Shift from agriculture is critical for transformation


In the last three decades the economy has shown strong growth, only slowing to overcome bad weather, a global financial crisis or unrest in the region.

By Patrick Bitature

KAMPALA – Anyone who has half a stake in this country would be a keen observer of the economy and the direction it is taking.

In the last three decades the economy has shown strong growth, only slowing to overcome bad weather, a global financial crisis or unrest in the region.

Compared to when I started out in business, it has become a more liberal economy, with individual initiative being rewarded more and more. While the economy is still dominated by the informal sector, the formal sector is growing annually.

But the biggest shift in the economy must be the deliberate reduction in agriculture’s share of the economy from more than 80 percent to about 25 percent.

This has to happen despite the leap in the production of everything from bananas to coffee or from milk to maize. What has happened is that more of the economy – though not nearly enough, has been taken up by industry, construction and services.

This is how it should be and in fact, more work is needed in shifting this dependency or balance even further away from agriculture.

Should we do away with agriculture all together. No. In fact, we need to produce more, but much more efficiently.

At the end of the Second World War 30 million families relied on agriculture for a livelihood a number that has since plummeted to about three million today. But the US is still the largest exporter of agricultural produce in the world. And yet agriculture only comprises one percent of that country’s GDP.

In fact agriculture can best serve as the -Stepping Stone – as it has done everywhere else.

Countries which have industrialised have first taken care of agriculture and more specifically they have ensured food security. They have done this by improving the productivity of their farms through improved farming practices – the use fertiliser, irrigation and improved genetics.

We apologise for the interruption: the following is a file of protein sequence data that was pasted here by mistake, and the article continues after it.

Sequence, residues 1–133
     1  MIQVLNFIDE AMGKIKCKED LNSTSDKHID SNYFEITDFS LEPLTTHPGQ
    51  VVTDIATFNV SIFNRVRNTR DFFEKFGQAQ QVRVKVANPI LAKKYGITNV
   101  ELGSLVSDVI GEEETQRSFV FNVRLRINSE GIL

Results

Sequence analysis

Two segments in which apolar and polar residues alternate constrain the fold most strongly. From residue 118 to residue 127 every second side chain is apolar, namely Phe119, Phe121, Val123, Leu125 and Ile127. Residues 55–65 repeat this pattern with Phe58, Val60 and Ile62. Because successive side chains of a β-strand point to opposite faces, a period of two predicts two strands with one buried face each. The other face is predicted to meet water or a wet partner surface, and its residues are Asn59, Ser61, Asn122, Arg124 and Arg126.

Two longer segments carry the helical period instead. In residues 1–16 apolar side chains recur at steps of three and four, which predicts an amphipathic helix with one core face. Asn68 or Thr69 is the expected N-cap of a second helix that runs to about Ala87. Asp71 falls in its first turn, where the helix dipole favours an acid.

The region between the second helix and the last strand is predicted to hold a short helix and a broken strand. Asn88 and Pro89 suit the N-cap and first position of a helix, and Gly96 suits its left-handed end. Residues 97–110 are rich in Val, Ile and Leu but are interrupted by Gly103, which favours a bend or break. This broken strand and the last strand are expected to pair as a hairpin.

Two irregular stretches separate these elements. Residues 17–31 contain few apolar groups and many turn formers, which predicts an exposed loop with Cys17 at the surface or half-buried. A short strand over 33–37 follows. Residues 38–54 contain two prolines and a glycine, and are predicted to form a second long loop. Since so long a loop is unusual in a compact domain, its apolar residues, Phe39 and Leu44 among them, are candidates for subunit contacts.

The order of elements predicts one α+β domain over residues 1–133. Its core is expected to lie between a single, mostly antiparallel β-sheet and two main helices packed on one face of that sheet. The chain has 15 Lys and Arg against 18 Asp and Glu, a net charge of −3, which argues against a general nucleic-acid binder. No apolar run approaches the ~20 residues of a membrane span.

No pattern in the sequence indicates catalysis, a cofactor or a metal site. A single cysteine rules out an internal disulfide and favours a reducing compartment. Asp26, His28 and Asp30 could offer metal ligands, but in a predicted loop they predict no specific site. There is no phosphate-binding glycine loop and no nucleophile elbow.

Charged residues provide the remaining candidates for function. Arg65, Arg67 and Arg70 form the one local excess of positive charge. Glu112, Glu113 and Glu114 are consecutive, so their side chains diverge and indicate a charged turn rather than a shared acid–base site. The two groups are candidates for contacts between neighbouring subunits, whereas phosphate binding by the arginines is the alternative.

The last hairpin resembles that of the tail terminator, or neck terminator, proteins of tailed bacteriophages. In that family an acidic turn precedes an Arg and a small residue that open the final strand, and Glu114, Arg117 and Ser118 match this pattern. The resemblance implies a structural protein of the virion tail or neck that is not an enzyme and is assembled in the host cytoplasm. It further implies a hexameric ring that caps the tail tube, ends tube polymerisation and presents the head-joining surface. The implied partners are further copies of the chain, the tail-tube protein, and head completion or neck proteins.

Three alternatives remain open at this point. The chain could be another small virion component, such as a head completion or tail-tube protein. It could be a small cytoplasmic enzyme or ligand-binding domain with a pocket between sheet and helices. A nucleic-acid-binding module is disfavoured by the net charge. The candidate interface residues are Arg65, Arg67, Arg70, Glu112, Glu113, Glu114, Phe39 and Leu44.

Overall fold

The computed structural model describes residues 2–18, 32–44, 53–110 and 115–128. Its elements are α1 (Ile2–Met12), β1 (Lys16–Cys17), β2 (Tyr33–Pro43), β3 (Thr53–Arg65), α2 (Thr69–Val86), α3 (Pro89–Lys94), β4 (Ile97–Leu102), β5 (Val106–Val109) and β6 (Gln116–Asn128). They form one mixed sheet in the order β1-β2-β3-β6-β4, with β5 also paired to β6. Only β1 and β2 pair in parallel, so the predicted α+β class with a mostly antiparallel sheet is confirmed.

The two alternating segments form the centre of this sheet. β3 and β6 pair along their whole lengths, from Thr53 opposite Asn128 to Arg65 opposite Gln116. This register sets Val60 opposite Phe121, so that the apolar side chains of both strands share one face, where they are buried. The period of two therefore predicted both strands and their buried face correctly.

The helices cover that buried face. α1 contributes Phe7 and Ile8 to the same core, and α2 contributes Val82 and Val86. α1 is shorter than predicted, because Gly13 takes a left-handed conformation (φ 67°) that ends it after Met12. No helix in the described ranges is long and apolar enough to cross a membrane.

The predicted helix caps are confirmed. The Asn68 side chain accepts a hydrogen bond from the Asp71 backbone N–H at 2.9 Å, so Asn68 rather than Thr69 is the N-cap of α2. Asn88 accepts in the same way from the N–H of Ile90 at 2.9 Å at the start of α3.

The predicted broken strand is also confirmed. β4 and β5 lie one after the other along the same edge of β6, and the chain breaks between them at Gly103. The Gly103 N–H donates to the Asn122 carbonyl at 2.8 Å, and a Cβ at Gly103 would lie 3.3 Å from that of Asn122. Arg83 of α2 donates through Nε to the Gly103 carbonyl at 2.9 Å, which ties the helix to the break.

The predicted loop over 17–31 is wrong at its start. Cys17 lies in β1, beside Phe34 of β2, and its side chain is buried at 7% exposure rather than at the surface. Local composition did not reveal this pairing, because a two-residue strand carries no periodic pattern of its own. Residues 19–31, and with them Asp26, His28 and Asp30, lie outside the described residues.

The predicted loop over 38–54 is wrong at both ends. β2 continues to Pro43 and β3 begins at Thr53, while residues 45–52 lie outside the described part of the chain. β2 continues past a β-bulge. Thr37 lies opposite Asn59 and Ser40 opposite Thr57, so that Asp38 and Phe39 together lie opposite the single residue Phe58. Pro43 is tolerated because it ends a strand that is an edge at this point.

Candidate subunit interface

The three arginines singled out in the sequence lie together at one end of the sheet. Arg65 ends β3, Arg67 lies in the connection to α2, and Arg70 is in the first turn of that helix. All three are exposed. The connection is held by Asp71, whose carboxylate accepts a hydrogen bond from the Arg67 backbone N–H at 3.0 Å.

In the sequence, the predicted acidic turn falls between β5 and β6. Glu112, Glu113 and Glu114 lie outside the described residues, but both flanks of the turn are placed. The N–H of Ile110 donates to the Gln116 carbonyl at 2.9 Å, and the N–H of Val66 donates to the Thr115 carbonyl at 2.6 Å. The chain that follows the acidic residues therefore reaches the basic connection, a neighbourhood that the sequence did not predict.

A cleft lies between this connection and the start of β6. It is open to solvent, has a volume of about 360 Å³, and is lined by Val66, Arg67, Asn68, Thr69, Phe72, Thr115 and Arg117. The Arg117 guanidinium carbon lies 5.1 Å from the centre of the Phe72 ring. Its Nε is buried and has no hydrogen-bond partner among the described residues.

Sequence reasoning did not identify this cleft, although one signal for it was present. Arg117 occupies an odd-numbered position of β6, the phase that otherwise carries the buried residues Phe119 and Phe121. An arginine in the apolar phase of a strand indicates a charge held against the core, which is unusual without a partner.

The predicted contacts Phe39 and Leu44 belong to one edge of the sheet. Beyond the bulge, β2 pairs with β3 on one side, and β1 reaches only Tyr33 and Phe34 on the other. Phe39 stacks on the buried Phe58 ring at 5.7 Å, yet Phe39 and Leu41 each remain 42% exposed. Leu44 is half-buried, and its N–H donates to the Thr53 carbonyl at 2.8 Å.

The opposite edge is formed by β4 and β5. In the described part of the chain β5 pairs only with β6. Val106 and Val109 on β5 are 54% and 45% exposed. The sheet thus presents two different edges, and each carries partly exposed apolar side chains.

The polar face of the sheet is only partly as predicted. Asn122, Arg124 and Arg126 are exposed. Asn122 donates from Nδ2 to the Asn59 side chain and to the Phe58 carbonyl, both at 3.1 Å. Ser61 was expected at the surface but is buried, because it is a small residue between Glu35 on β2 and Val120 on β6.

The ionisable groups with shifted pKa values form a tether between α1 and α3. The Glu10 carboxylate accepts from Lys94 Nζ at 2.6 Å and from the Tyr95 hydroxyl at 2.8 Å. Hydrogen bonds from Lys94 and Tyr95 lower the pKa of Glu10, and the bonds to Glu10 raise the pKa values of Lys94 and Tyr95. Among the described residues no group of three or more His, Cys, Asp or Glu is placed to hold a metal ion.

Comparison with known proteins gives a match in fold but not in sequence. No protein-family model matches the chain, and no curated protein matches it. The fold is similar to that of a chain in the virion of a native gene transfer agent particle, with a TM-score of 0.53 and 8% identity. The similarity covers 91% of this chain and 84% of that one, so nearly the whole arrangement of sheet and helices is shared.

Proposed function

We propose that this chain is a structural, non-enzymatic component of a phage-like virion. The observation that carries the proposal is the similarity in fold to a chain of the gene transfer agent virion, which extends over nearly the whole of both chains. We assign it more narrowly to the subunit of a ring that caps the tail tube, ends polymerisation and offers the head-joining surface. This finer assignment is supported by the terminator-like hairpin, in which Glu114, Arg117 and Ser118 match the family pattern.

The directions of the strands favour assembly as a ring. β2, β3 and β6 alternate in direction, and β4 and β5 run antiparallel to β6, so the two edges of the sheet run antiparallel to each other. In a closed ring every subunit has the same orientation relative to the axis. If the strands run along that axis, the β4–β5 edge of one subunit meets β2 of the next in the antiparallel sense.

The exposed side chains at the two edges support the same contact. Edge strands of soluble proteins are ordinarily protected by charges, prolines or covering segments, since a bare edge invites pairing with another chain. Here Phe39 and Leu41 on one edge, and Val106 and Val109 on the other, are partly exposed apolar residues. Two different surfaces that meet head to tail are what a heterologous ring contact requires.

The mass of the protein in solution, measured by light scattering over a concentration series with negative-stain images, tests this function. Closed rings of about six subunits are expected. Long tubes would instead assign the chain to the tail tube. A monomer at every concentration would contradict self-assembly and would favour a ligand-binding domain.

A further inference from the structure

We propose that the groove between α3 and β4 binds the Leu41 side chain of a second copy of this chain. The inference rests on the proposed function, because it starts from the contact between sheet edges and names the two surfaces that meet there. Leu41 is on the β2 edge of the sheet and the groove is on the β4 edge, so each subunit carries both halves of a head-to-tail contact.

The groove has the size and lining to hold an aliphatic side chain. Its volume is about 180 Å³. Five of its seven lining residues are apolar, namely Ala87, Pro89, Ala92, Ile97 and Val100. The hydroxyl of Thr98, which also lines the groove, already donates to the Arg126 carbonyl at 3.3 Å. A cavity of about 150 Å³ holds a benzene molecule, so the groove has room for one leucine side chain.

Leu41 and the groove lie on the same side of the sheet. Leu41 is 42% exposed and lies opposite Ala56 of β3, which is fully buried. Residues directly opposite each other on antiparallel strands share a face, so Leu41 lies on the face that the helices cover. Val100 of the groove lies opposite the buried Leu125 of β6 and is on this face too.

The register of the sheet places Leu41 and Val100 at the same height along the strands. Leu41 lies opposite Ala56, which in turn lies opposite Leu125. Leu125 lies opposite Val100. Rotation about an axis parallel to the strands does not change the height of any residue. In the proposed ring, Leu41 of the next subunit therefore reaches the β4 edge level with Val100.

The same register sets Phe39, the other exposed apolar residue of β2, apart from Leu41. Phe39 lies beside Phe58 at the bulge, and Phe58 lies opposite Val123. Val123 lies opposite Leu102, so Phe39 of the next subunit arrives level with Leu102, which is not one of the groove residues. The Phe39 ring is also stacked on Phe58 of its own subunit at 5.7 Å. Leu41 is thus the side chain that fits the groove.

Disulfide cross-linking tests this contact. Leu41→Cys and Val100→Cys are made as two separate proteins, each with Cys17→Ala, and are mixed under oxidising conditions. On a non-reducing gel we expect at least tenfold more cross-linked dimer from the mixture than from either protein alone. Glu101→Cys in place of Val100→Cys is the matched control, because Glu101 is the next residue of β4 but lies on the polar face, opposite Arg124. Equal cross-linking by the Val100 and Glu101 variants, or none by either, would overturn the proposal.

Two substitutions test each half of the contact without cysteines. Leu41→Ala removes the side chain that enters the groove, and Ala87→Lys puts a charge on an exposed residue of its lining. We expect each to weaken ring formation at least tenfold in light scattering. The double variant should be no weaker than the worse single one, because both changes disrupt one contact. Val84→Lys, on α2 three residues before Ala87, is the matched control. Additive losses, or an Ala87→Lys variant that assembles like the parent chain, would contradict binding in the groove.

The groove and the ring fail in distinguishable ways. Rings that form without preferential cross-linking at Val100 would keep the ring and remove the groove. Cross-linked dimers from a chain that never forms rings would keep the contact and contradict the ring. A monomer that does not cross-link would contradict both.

The surpluses they have produced have been processed and stored for their own use or exported to other countries with deficits. The maize price in Uganda today is at an all-time bottom for the lack of adequate storage capacity.

To improve efficiency these countries have mechanised their agriculture, which has meant less labour needed in the fields, which has led to consolidation of small holdings. The former farm hands migrated to the cities to man industry and get into construction of housing and roads.

This is the development trajectory we must follow, in fact accelerate, if we are to see improved living standards for all Ugandans across the board in our life time. Our brothers across the borders have set their target on building 500,000 low cost houses in the next 5 years. Each house will create at least 10 new jobs. Housing creates wealth across the spectrum for all involved directly or indirectly.

Unfortunately, we do not have the luxury of time. Sequencing is not an option. We are going to have to do many things at once.

A lot of work is being done on infrastructure development. Nevertheless, our transport, energy and ICT infrastructure are considerably far behind where they have to be to meet our development aspirations.

Good infrastructure is critical for ease of doing business in any economy. It means goods and services can get around quicker and people can be more productive.

In addition we need to work on our soft infrastructure, the laws and institutions that we operate under. We not only have to bring them up to date but we need to commit to executing them transparently and quickly.

In anticipation for the shift towards industry and services we need to reskill the labour force with more relevant skills than the rote learning they got in school. A much higher investment in skill training centres will be crucial.

Traditional economics emphasises the play of land, capital and labour as the factors of production to which can be added entrepreneurship – the ability to manipulate the above-mentioned factors to deliver goods and services.

Entrepreneurship is a skill that can be taught and nurtured by mentoring. A critical skill for our economy. I cannot emphasis enough how crucial this is to our fast-growing youth population

Recently when renowned economist Professor Sir Paul Collier was in Kampala at the invitation of the Bank of Uganda he said one of the key things that would help transform this economy is the development of modern companies.

By modern companies I took him to mean, companies that are well set up, have strategic visions and have the potential to compete on the world stage.

My point is this, that while we still need to shift more resources towards agriculture in the short term, it is advancements in the other productive sectors like industry and services, that will generate the sustainable jobs and raise incomes all around.

The writer is the chairman of the Private Sector Foundation of Uganda.


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